Chess is already a very strategic game, but when you mix new elements in, you have an opportunity to turn those tactics on their head and create something fresh with them. While there are some rough edges here and there, Warhammer 40,000: Regicide delivers a solid experience for chess and strategy game fans.
When I first heard that this game was Warhammer meets chess, I was reminded of the old Battle Chess games and its many spinoffs over the years (the old Star Wars one was always a favorite of mine). Then when I fired it up, it actually had a mode that was basically Battle Chess. For those unfamiliar with that game, it is chess in its purest of forms… until creatures start dismembering one another with weapons. Then? It’s basically chess in its bloodiest form instead. It is still a good time, even if the engine is probably not a threat to titles like Pure Chess or Fritz Chess. At the very least it’s more visually engaging.
This is helped by the incredibly detailed characters. Both sides look great, though I do wish there was more than the one set of animations for the various kills. Still, it is a bloody, messy good time. However, the Regicide mode puts some extra meat on these bones, and for the most part it does deliver. Basically, you are still playing chess – but with some added weaponry. The surefire way to kill a piece is through a traditional chess move, but failing that, you can fall back on weapons from units to perform special attacks. Some units have more effective attacks than others, and it really is all about luck. You get a percentage indicator showing you your chances of landing said attack, but you will miss some you feel like should have hit and you will land the occasional lucky shot that you thought was never going to work.
This mode is a great deal of fun, because you have to think outside of the box. Did your queen slip into the enemy territory and imperil the king? That’s nice – but he probably just unloaded some special attacks to take her out in a way the pieces could not do so traditionally. Every now and then I got suckered into situations like this, but that was okay – because each player can only leverage these special attacks so many times.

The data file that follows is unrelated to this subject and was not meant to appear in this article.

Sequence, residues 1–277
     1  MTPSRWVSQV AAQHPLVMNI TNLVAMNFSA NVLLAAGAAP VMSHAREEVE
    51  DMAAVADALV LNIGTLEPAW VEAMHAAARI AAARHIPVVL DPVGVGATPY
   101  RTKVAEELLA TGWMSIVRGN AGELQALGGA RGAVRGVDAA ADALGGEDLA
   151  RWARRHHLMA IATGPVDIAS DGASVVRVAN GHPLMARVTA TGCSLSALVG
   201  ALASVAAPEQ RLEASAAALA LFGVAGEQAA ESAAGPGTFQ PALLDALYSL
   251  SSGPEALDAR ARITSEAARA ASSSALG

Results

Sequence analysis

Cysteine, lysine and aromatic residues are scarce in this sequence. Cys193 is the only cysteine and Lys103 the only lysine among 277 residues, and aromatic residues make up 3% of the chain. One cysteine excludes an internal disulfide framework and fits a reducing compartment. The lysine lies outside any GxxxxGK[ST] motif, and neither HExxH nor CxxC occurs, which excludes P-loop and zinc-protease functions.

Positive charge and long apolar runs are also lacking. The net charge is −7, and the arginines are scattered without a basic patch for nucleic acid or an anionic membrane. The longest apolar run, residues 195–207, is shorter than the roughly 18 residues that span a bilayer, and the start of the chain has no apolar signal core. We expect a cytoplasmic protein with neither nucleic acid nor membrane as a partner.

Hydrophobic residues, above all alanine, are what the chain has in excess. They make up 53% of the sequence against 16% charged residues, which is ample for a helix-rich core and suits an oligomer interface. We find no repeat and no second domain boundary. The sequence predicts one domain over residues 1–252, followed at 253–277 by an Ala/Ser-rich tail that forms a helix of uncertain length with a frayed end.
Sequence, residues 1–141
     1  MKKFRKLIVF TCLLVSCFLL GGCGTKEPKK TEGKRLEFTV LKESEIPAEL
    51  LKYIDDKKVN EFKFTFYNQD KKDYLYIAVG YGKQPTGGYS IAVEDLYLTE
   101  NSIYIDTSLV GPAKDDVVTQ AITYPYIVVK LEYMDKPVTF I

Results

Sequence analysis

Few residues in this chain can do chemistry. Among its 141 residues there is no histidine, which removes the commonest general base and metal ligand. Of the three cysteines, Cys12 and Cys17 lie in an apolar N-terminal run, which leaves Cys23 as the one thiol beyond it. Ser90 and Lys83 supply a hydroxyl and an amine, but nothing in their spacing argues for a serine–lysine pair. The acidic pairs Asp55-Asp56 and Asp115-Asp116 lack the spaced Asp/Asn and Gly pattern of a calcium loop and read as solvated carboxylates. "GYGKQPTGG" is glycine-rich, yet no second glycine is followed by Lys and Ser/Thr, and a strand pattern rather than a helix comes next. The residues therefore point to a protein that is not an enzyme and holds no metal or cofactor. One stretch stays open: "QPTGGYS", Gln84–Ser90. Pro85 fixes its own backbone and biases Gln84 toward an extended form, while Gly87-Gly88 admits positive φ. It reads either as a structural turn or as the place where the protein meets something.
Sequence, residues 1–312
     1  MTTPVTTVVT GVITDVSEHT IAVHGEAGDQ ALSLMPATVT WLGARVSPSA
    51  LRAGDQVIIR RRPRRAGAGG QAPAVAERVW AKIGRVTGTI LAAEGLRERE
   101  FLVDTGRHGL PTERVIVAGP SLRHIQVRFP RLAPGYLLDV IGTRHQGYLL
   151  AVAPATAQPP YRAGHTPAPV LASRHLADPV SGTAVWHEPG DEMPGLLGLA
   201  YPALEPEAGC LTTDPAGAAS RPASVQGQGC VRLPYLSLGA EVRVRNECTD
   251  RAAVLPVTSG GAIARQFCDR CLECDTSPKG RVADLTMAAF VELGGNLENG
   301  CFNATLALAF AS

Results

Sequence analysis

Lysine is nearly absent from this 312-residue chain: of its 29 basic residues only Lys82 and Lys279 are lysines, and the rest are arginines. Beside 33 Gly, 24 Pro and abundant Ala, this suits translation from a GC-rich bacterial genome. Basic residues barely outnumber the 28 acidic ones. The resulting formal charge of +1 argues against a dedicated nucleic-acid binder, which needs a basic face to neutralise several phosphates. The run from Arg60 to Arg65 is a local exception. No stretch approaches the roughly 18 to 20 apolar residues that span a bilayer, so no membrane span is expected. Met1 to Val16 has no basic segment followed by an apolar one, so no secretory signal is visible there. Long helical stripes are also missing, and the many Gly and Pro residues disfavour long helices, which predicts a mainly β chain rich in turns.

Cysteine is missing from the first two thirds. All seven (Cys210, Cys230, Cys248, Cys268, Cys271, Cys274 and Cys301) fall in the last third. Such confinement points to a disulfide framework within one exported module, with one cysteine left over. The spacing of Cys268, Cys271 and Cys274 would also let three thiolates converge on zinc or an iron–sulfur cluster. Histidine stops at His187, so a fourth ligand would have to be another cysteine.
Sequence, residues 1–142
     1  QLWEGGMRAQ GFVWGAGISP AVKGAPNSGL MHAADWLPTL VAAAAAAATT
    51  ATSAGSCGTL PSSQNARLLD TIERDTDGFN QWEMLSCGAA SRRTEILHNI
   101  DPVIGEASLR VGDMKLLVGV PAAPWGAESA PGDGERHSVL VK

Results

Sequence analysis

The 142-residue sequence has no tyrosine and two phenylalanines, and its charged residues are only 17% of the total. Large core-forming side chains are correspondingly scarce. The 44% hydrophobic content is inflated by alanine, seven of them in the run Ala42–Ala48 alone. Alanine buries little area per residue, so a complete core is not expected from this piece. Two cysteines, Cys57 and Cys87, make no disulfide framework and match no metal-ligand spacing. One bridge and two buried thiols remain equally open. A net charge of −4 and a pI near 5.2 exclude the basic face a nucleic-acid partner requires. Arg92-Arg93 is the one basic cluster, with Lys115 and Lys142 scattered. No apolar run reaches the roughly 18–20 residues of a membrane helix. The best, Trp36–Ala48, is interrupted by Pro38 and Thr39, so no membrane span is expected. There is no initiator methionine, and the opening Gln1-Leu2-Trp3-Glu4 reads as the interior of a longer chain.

There is also a nice RPG element tucked in, as pieces can progress over time and with use. They do so far more effectively in the campaign mode, which is interesting for a few reasons. One, the campaign actually does tell an interesting story that Warhammer fans should be happy with. The accompanying voice acting is excellent, and should be familiar to fans of the Warhammer 40,000 video game series. Additionally, the stages are set up like puzzles where you have to try and figure them out in one of a handful of specific ways.
So with all of this good, there is some bad that needs to be mentioned. For one, progressing your characters is a grind. I suspect that is intentional, and something you find in a lot of RPG games anyways, but because the variety here is a bit more limited, the wear and tear of the grind got to me just a bit more quickly than it does in a traditional RPG. The other issue is just the amount of sheer luck at play. Certainly you can miss with a higher percentage as I mentioned before, but it sure seems like the AI gets more breaks than I did. Of course, it is probably sour grapes on my part for having some of my matches blown open by what seemed like long odds, but with a game that relies so heavily on probability, it can be frustrating and sometimes leave you questioning the math behind the scenes.
In all, Warhammer 40,000: Regicide deserves credit for bringing something unique to the world of chess. Not everything is handled flawlessly, but by and larger Regicide gets more right than wrong along the way. Fans of chess should enjoy the base game, fans of Warhammer will no doubt appreciate the excellent use of the property and even tactics fans may find Regicide a nice change of pace as well.
Article by Nick